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How I Found the Urantia Book—TAMMY HORTON (1972) 

IN 1972, looking for a back-to-the-land place to live, my then-husband and I were traveling to Arkansas, where friends suggested we go. We stopped on the Missouri border at a small town called Seligman. This quaint town must have had a population of about 150, but it had a bookstore and a small general store.

My husband went into the bookstore. While I stood outside taking in the local scenery, a young man walked up to me and we started talking. He said he lived in a cabin in the woods and had just come to town for supplies. He told me about the area and how he loved living in Arkansas.

Our conversation led to the cosmos and spirituality, and he asked if I had ever read the Urantia Book. I said no. He proceeded to tell me about the book and how it had affected his life. When my husband came out of the bookstore he joined in the conversation. My husband’s fundamentalist background—his parents were “holiness ministers”—had turned him off from religion of any sort, but the conversation piqued even his curiosity.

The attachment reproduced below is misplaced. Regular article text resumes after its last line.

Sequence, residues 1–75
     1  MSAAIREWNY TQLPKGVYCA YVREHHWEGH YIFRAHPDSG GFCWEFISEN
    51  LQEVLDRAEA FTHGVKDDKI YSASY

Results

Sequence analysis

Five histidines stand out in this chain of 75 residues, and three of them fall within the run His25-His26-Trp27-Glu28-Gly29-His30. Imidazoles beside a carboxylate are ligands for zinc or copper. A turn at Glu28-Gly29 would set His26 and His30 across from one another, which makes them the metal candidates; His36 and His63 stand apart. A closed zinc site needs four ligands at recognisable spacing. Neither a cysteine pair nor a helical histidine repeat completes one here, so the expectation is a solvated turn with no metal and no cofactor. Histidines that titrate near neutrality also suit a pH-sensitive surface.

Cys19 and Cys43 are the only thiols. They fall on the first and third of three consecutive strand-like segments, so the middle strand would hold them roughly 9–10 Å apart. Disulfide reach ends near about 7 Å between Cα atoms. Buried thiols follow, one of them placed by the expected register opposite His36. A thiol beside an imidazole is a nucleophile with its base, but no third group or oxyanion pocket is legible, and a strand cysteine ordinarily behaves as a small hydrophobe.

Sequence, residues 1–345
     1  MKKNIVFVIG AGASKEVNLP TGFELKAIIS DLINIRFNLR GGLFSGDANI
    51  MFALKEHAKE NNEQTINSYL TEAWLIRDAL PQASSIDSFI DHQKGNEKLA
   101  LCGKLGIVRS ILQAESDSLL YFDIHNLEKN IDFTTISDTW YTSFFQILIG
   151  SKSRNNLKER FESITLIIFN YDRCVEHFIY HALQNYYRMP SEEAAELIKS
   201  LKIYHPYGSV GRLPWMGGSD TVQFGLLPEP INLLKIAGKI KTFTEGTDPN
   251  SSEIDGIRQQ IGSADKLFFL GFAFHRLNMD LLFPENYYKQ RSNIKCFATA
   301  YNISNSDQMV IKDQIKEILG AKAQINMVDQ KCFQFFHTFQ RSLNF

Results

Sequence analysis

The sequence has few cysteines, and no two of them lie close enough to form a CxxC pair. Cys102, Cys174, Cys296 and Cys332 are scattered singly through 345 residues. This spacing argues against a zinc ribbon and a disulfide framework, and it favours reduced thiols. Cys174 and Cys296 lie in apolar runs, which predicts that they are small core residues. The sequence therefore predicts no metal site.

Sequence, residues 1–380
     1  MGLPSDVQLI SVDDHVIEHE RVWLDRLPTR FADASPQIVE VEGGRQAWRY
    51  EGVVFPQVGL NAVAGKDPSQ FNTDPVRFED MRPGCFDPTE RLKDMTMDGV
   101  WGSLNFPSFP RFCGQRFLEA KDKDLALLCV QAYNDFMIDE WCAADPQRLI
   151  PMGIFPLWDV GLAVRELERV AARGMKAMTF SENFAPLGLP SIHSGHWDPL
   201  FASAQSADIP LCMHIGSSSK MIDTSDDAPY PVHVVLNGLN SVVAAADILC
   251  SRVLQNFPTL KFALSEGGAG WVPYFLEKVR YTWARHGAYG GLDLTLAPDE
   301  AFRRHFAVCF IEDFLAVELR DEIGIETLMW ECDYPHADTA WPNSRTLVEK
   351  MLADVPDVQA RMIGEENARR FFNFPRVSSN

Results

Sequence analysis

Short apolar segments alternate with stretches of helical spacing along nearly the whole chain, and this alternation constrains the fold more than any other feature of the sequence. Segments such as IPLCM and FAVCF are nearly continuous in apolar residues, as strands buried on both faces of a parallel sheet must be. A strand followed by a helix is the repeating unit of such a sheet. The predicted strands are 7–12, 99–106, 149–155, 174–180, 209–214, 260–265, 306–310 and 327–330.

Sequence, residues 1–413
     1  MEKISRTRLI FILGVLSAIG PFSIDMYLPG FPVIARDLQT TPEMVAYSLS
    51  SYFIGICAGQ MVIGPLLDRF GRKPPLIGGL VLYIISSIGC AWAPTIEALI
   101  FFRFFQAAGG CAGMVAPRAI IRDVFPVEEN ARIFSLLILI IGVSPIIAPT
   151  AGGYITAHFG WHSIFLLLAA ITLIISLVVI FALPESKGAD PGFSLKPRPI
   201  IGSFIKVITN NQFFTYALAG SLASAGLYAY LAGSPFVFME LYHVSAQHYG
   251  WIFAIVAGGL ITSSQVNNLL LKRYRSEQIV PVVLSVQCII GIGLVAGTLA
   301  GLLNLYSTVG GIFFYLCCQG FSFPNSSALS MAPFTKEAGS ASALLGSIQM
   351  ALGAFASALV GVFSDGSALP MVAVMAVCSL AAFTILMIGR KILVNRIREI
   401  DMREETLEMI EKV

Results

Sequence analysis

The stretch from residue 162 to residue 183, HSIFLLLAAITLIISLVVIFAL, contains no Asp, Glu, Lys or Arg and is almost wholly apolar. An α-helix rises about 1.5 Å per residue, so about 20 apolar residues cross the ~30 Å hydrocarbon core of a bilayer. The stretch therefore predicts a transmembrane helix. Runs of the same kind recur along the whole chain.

We went back into the bookstore. They did not carry the Urantia Book but said they would be happy to order it. We lived 250 miles from there and decided that that would give us a good excuse to return to the area. We paid for the book and two weeks later we came back. We tried to find the young man who had turned us on to the book, but nobody knew anything about him.

We eventually moved to Arkansas. During that time we met many folks who read the book in the area and a study group was formed of five couples. We had some really great times when the Urantia group from Oklahoma City, headed by Berkeley Elliott, came and stayed at our friend’s trout fishing resort on several occasions to hold meetings there. We had wonderful gatherings out on a point with a bonfire at night on the White River. I realize now what a special time that was.

I have been reading the book ever since. I wish I could thank that young man for giving us something that changed our lives. The lesson learned is that you never know what enlightenment a stranger may have to offer.

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